Lactation Matters would like to thank all of our readers who left comments about the Implications of Obesity in Breastfeeding Women article. Your comments clearly raised some very important issues about how we, as lactation consultants, should use research articles to guide our practices. Fortuitously one of our guest bloggers, Jennie Bever Babendure, has significant research experience with cellular and animal models of obesity. She has graciously offered her insight into understanding this research article and its relevance to our practice. Again, we thank you for your thoughtful comments about this research study and the conversation it helped to create.
Response by Jennie Bever Babendure, PhD, IBCLC (email: firstname.lastname@example.org)
“In light of the advice given to speak with mothers about the impact of a high fat diet on lactation, it’s important to point out that feeding rats high fat chow (which is also higher calorie) is a way researchers induce obesity in rats. This was done 6 weeks before the rats got pregnant, so they were already obese before pregnancy and lactation.
As a result, this study cannot separate the effects of a high fat diet during pregnancy and lactation from the effects of preexisting maternal obesity. Had the 2 sets of rats consumed the same amount of calories on low or high fat diet, we might be able to draw conclusions about dietary fat’s impact on lactation in rats. However, the rats fed a high fat diet consumed more calories and were obese before they even became pregnant. As such, this study does not provide sufficient evidence to recommend that human mothers consume low fat diets when pregnant or lactating to improve lactation outcomes.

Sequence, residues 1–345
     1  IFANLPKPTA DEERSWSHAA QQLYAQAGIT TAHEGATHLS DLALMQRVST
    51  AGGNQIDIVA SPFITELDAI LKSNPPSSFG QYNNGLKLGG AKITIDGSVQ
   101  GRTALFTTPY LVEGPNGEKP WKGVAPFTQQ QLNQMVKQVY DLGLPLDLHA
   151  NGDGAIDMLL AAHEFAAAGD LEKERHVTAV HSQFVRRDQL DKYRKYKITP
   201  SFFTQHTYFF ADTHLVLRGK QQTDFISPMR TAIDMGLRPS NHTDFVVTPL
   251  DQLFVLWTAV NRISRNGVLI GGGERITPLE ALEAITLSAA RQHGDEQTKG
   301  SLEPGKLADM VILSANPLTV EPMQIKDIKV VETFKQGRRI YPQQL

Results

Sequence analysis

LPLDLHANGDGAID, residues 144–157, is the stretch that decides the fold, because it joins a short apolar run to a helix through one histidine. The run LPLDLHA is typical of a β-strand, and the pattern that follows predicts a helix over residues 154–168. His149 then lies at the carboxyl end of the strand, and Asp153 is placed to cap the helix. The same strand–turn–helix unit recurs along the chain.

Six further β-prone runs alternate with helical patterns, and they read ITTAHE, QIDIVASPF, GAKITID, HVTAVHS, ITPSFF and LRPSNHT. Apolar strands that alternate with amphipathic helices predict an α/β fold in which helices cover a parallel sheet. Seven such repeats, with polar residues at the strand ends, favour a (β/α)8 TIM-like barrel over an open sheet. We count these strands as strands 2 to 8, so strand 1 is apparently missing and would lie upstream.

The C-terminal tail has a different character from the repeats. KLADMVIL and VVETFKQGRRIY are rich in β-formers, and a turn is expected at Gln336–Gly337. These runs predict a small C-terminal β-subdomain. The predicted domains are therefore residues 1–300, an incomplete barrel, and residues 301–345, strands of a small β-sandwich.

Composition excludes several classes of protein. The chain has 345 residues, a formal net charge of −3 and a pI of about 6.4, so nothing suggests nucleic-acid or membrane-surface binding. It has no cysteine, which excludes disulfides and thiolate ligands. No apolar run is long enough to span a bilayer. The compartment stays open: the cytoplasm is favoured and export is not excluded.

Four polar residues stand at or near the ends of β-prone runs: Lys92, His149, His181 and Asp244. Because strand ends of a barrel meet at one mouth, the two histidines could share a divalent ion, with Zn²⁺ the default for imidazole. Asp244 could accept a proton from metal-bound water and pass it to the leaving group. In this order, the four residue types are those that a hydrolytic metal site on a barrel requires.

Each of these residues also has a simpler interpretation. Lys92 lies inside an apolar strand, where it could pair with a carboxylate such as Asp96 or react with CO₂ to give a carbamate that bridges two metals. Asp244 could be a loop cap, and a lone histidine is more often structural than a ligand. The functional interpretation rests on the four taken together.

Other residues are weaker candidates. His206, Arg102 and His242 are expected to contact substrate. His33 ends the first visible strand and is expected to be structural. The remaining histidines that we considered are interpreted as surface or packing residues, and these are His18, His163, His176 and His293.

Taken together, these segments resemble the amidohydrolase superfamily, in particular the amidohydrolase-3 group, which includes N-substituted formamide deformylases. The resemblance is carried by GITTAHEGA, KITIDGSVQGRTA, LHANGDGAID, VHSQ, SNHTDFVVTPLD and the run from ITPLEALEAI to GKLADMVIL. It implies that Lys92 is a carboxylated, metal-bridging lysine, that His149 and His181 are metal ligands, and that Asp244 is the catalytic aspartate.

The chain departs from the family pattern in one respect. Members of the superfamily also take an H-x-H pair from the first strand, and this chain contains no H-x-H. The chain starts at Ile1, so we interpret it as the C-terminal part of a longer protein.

As this study was written for the research community, I don’t think the authors made a point to clarify that they were using high fat feeding primarily to study the impact of obesity, not necessarily dietary fat content, on lactation. In the interest of evidence-based practice, I felt it was important to make this distinction. This study doesn’t demonstrate that consuming a diet with a higher percentage of fat during pregnancy and lactation leads to lactation problems in humans, but rather suggests that preexisting diet-induced obesity leads to delayed onset of full lactation, and changes in the mammary gland in rats.”